Ad-Tech, not Content, Is King in the Verizon-AOL Deal

Takeaways From This Morning's Announcement

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The deal of the year may be upon us.

Today, Verizon announced it has reached an agreement to buy AOL for $4.4 billion. The move, expected to be completed this summer, is likely to realign the power balance in the ad-tech ecosystem and will be felt in the advertising industry as a whole.

Here, a few takeaways on the coupling, starting with the meat of the deal, ad-tech.

Ad-Tech Frankenstein

The digital advertising industry (and some might say, the entire advertising industry) is on the fast path to automation. Scores of companies have emerged to help automate different parts of the ad buy -- the buying, the selling, the targeting, the attribution, etc. -- and AOL owns a piece of tech for just about every step of the way. For a while, everything seemed peachy in the desktop-focused ad-tech world, but then media consumption moved quickly to mobile, where targeting cookies don't work effectively, and the system essentially broke.

Verizon, acquirer of AOL, owns the key to fixing this problem: concrete mobile data which can be used to tie user identity across devices.

"The deal means we will be a division of Verizon and we will oversee AOL's current assets plus additional assets from Verizon that are targeted at the mobile and video media space," Mr. Armstrong said in a memo to employees. "The deal will add scale and it will add a mobile lens to everything we do inside of our content, video and ads strategy."

If Verizon's data integrated into AOL's ad-tech, it could result in the first ad-tech stack which can target across devices with deep accuracy (Facebook is currently developing one, using its login data). This combination could help ad-tech get its groove back, and should be strong enough to give Google (the market leader) and Facebook (up and coming) a run for their money.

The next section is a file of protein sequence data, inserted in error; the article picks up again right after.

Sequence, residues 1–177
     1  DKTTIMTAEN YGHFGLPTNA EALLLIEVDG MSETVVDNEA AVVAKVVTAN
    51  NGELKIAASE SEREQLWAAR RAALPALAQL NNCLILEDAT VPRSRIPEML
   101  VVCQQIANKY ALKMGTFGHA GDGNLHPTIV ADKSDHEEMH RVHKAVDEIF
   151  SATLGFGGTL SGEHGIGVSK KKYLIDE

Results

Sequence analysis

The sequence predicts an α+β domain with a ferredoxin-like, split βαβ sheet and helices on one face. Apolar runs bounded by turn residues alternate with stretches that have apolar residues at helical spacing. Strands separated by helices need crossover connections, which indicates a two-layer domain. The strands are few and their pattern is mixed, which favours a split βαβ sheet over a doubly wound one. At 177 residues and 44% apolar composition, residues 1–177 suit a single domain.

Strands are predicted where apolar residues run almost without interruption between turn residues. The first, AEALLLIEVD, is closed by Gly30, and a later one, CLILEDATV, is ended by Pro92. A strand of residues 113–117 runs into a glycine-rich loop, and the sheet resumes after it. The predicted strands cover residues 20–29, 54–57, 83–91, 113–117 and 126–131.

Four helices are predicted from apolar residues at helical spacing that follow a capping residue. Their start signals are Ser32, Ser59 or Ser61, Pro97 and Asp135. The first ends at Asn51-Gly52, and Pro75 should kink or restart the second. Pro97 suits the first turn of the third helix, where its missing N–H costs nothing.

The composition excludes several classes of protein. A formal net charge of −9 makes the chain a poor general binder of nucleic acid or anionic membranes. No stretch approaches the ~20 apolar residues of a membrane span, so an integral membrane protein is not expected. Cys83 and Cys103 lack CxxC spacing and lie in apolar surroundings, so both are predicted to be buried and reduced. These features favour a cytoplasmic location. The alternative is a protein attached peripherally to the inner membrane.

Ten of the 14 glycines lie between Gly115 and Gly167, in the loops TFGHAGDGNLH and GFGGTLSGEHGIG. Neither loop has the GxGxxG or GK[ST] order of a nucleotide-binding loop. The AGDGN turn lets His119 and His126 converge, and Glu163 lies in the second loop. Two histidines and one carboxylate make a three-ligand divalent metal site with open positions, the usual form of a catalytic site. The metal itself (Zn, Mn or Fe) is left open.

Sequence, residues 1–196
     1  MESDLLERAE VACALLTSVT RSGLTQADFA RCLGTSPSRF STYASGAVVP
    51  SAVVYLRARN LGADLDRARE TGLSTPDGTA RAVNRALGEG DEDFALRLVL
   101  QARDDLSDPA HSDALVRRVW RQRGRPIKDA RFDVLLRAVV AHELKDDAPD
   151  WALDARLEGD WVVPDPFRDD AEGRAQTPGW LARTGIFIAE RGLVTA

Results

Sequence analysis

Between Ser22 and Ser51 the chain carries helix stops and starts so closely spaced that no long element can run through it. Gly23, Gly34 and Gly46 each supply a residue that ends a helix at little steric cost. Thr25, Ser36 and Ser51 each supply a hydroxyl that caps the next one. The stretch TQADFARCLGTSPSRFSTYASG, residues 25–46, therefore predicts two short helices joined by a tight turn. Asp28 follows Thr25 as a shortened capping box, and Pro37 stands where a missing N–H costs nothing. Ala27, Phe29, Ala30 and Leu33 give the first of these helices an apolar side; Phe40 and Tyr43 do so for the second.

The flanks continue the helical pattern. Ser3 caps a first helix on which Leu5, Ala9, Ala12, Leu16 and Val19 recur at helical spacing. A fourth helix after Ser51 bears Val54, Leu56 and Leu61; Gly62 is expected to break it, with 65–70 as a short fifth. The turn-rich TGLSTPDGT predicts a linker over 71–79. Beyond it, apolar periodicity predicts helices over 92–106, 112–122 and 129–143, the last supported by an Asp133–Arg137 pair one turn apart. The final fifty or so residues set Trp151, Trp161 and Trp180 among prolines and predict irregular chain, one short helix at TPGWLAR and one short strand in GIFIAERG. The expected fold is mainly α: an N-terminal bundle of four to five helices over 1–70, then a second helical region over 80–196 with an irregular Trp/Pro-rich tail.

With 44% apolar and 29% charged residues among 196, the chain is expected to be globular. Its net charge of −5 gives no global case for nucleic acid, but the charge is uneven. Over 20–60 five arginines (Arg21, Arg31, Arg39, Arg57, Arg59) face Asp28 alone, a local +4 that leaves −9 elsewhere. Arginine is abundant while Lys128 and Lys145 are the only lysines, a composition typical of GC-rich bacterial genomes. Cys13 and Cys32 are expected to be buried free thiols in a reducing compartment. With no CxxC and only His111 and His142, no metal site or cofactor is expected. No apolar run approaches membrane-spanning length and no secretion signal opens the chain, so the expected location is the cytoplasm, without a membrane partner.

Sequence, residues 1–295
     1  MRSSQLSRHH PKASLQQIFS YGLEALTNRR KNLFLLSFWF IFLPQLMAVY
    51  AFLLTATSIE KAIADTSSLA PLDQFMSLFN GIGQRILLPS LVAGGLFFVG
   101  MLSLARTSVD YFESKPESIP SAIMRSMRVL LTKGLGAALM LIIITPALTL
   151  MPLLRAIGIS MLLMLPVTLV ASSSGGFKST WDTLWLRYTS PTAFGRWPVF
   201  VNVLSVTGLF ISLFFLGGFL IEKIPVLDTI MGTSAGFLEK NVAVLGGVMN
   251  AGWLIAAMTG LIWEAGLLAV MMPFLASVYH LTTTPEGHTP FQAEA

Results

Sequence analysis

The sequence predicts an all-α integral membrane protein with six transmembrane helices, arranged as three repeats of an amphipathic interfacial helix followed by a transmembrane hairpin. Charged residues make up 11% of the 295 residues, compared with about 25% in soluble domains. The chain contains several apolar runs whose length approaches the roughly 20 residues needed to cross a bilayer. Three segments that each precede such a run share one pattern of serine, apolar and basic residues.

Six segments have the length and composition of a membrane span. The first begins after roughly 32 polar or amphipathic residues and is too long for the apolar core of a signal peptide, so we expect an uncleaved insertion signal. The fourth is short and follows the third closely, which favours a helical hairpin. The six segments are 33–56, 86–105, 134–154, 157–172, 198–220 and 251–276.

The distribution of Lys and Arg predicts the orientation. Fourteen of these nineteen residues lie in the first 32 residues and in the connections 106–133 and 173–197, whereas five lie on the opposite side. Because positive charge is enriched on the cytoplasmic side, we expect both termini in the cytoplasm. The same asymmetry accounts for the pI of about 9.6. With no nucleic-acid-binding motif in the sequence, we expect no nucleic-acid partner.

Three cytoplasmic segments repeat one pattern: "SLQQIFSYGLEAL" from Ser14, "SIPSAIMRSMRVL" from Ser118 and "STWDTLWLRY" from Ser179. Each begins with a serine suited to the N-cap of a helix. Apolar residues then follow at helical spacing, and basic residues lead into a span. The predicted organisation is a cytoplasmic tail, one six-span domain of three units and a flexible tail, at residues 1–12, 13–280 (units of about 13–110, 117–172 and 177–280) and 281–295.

The location thing

One of the best ways to determine the effectiveness of an ad campaign is to identify the number of people who physically visited a store after seeing an ad for a product sold in it. Verizon, with its wealth of location data, may use it in conjunction with AOL's ad data to provide a killer attribution tool to advertisers using its ad platform.

See ya content?

In addition to its ad-tech business, AOL owns a content-publishing operation, though it has been rapidly scaling it down. The content side of AOL once possessed over 300 brands, but now it's closer to 15, with the Huffington Post and Techcrunch among them.

AOL CEO Tim Armstrong gushed over these brands in a memo to AOL employees, but don't expect them to stay with Verizon for long. "I don't see us as a content company," Verizon CEO Lowell McAdam said at a conference this January. If Verizon sees value in AOL's ad-tech, then the content side of the business is a liability. Not only is content expensive to create, but owning media can open up an ad-tech company to accusations of bias since it has an interest in directing dollars towards its own properties. In an interview with Recode, Mr. Armstrong hinted the content brands will soon be gone. "Obviously we've seen a lot of interest in the content brands we have. So over the course of the summer, stay tuned," he said.

Verizon on the a tightrope

Verizon is currently lending its data to some ad-tech companies, and it will need to be careful with the way it handles those relationships. One company it is working with, RUN, was acquired by ad agency holding company Publicis last fall. If Verizon decides to scale back its partnership, cutting out RUN in favor of AOL, it could find itself on the wrong end of an angry phone call from one Maurice Lévy.

Beware of the zombie cookie

Verizon in the past has run into trouble with the way its data has been used by ad-tech companies. Turn, another Verizon ad-tech partner, used the company's data to continue to track users even after they cleared their cookies. This so-called zombie cookie put both companies under fire and Turn eventually apologized and stopped using it. Critics and regulators will keep a close eye on AOL to ensure it is a responsible steward of such data if and when Verizon gives it full access.

Sad day for Yahoo

A few years ago, AOL and Yahoo were sitting in essentially the same place. Both had plenty of visitors but sold commoditized ad inventory which limited the value of their businesses. From this starting point, Yahoo invested in content, snatching up Tumblr and a number of other companies until going on an ad-tech spending spree with the acquisitions of mobile ad-tech company Flurry and video ad-tech company Brightroll. AOL, meanwhile, went straight for ad-tech, building a full "stack" while paring down its content business. AOL's strategy, today at least, seems like it was the right one.

Contributing: Michael Sebastian, Kate Kaye

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